A chance at doing something worthwhile

Date : Aug 28 , 2020 | Alumni

ILSS alumnus Harish Doraiswamy writes about his search for new direction, journey into the social sector and finding the right opportunity.

A year and a half ago I was employed at a leading global education company, doing reasonably well by most standards. Deep inside, however, I was bored with what I was doing and racked with the sense that what I was doing was inconsequential. I felt that I had several good years still ahead of me and that I should not waste them doing something I just did not enjoy or relate to anymore. So, I decided to put in my papers and serve out my notice period. That was the easy part.

In search of new direction

The difficult part was to figure out what to do with the next chapter of my life. All I knew was that I wanted to step into a new territory and do something more exciting. That’s when I came across an article in the ET on ILSS. This piqued my interest and I soon discovered that someone I knew had gone through the program as well.  While contributing some of my time to the social sector had crossed my mind before, for the first time I began contemplating a future career in the social sector. Some friends and well-wishers I spoke to advised me to consider the downsides carefully – from significantly lower income, to having to make a fresh start in my career, the slow nature of change in the sector, the lack of defined processes in non-profit organisations, dealing with the long shadow of the government, etc. Others suggested that this could be the last opportunity to do something worthwhile with my life! All of this meant that while the social sector was in consideration, I wasn’t entirely sure if I wanted to head that way. So, the ILSS program seemed just right for a person at the fork, wanting a sense of what lay ahead if one was to venture onto this path.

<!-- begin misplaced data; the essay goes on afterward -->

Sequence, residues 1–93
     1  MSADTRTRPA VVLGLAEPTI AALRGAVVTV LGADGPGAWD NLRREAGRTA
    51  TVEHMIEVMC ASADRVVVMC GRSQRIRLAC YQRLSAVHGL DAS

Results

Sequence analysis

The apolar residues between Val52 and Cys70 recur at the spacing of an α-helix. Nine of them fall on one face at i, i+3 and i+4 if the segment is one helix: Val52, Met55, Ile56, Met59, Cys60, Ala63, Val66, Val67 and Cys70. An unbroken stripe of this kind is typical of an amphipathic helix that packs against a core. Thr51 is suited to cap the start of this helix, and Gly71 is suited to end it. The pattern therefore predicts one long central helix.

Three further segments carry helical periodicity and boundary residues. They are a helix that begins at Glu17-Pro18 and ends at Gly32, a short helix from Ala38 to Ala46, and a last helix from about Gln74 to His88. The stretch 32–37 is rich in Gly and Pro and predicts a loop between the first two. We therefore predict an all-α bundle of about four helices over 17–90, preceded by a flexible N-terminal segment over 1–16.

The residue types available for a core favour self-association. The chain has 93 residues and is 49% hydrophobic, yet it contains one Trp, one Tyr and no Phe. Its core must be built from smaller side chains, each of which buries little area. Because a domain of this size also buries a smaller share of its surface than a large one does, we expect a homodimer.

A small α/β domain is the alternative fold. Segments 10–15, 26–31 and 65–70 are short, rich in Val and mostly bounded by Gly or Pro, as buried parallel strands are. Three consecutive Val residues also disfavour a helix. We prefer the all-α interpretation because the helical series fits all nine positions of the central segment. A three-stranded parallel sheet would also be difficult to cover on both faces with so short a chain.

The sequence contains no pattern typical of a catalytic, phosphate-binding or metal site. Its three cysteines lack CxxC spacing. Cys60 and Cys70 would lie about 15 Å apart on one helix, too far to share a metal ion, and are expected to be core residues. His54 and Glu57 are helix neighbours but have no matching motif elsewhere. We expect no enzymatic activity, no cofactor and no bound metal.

The learning journey with ILSS

As things turned out, I quit my job a year ago and tumbled straight into the ILSS Leadership Program. It was, unquestionably, the best 9-day experience that I could have imagined. The content was new and stimulating, the speakers were inspiring (some of the sessions made our hair stand on its end), breakout sessions were invigorating and what was revealed about the issues, challenges, the scale and complexity of India made our usual corporate problems seem small and trivial. What Anu Prasad and her remarkable team at ILSS have managed to create is something that provides a great overview of the possibilities of the social sector without getting into the weeds, giving a taste of what could come without sugar-coating the future. The program energized me, filled me with a greater sense of purpose and imbued me with the belief that I could play a small role in solving these big problems. It also introduced me to a set of inspirational course mates and a larger network of corporate crossovers.